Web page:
The St. Charles Municipal Building, designed by R. Harold Zook, represents architectural experimentation during the 1930s and 1940s. With its Art Moderne design, use of newly available materials, and exceptional lighting scheme, it is clearly echoes the features that mesmerized crowds during the 1933 Century of Progress Exhibition in Chicago. Its prismatic white form sits prominently on the east bank of the Fox River, alongside North Avenue, one of the earliest paved roads leading west from Chicago into what was still regarded as the hinterlands. Funded primarily by local philanthropists Colonel Edward J. Baker and his niece, Mrs. Lester J. Norris, the building joined the Baker Hotel on the opposite bank of the river in advertising St. Charles as a new and exciting destination for automobile travelers. Built just a decade apart, the Municipal Building supplants the warm brick and Rococo terra-cotta of the 1928 Hotel Baker with flat, white marble and recessed steel windows.
The Municipal Building housed a variety of functions, all of which radiated from the 84-foot octagonal tower. On the north was a high-ceilinged museum room. On the south were city functions, including a bus stop waiting room on the first floor and a City Council Chamber above. Terrazzo floors and wainscoting are ornamented with Zook’s signature chevrons. This motif continues on the riverside terrace and its chevron-shaped planting beds. Slices of stained glass are set within stepped window reveals around the faceted tower. Swooping ribbed buttresses surround the upper tier of the tower, where a chevron-patterned aluminum grille is accented on four of the eight sides by a large clock face. The culmination is a faceted skylight that comes to a point atop the tower.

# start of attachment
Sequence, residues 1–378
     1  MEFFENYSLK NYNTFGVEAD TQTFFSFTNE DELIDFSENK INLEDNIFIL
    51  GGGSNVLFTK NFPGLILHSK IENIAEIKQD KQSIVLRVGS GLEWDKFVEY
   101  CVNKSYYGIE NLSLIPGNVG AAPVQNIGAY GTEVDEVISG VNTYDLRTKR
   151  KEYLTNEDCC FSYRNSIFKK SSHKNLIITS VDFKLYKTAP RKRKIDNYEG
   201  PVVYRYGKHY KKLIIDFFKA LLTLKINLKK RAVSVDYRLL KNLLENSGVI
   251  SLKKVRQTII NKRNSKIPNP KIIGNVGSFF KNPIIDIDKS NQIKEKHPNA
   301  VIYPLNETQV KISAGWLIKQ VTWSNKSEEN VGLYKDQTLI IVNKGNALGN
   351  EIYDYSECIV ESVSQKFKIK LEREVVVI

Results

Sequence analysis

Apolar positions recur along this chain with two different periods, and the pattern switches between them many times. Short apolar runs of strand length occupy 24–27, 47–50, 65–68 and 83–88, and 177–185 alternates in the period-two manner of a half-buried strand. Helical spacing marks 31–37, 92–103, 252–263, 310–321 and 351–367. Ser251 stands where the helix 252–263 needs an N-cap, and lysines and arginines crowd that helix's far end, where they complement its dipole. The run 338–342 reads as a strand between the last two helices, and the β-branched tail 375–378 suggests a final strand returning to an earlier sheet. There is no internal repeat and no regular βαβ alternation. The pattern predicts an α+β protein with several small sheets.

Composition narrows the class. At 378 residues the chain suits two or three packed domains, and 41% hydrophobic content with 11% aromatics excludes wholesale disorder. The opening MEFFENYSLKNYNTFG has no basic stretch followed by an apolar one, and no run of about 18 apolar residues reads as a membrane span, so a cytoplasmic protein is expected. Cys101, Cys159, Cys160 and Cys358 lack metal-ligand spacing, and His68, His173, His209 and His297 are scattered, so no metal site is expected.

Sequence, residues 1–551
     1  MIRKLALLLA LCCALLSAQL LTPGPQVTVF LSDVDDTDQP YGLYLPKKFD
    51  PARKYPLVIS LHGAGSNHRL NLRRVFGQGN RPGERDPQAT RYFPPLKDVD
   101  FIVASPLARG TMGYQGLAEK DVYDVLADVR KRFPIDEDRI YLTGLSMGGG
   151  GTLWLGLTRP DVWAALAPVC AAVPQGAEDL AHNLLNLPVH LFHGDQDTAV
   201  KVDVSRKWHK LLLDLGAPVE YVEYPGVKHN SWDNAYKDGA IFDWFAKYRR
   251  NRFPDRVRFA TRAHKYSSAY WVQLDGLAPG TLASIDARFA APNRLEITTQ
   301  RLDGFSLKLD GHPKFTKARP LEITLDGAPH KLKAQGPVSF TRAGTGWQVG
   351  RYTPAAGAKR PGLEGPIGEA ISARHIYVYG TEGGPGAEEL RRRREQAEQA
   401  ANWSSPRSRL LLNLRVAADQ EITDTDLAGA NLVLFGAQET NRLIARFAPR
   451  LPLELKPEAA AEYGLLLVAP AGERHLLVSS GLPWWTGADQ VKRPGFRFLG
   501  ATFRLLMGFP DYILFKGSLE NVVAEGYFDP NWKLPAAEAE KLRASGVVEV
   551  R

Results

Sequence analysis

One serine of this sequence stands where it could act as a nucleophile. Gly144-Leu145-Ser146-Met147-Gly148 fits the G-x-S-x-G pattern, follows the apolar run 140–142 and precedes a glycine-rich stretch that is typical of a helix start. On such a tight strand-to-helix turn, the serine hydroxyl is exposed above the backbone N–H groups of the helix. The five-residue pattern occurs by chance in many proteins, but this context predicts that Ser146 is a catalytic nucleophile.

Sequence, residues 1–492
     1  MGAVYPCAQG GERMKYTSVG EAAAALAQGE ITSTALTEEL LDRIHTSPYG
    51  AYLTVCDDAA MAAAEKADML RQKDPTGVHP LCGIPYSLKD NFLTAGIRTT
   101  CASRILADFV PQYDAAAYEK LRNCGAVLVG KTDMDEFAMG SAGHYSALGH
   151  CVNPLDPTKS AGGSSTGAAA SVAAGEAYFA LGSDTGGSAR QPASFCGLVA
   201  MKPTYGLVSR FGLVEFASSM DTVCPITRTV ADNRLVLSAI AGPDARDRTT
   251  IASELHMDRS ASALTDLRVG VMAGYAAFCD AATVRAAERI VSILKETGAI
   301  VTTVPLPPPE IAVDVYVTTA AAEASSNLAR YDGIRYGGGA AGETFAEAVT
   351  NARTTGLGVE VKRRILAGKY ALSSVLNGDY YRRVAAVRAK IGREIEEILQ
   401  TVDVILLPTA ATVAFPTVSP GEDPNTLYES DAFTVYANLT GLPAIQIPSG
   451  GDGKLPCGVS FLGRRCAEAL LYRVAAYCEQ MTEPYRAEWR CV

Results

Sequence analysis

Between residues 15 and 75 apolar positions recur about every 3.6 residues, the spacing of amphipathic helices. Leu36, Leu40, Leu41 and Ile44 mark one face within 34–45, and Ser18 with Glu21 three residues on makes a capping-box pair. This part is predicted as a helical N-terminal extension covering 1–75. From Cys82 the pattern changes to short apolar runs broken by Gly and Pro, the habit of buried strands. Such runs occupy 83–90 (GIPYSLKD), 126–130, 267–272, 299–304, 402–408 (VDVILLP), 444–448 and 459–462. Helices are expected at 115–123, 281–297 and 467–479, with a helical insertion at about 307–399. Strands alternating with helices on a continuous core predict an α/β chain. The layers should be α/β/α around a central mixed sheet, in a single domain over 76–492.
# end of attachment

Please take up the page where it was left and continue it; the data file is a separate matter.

A polished black granite base and sparkling white marble walls conceal the building’s concrete and steel construction. White Lustron steel panels cover the underside of the deep overhang along the river and North Avenue. The building had an extraordinary lighting program, including changing, multi-colored lights in the tower, glowing bands of light under the overhang, concealed lighting in the ceiling reveals, and fluorescent fixtures throughout. This was one of the earliest buildings to be lit entirely by fluorescent tubing.
Zook was a talented and inventive architect who practiced widely in the western suburbs of Chicago from the 1920s to the 1940s. His eye for detail and marvelous use of muscular ornamentation combining traditional materials with new ones set his buildings apart. The economic pressures of the 1930s confined him primarily to residential designs, making the St. Charles Municipal Building a rare public example of his work.
Dixon, Michael A., “St. Charles Municipal Building,” Kane County, Illinois. National Register of Historic Places Inventory–Nomination Form, 1990. National Park Service, U.S. Department of the Interior, Washington, D.C.
Green, Betty. Zook: A Look at R. Harold Zook’s Unique Architecture. Chicago: Ampersand, Inc., 2010.